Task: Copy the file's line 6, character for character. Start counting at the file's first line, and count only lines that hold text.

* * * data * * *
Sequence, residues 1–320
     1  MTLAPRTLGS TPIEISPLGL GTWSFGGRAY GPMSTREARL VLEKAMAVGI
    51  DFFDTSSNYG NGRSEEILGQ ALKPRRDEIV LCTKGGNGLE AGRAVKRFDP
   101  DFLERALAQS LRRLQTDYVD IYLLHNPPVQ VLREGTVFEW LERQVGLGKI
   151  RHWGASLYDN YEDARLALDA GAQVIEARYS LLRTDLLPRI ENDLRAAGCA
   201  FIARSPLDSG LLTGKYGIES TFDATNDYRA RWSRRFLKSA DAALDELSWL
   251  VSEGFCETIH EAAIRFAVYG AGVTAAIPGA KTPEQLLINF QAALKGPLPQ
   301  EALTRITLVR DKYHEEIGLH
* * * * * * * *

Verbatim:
   201  FIARSPLDSG LLTGKYGIES TFDATNDYRA RWSRRFLKSA DAALDELSWL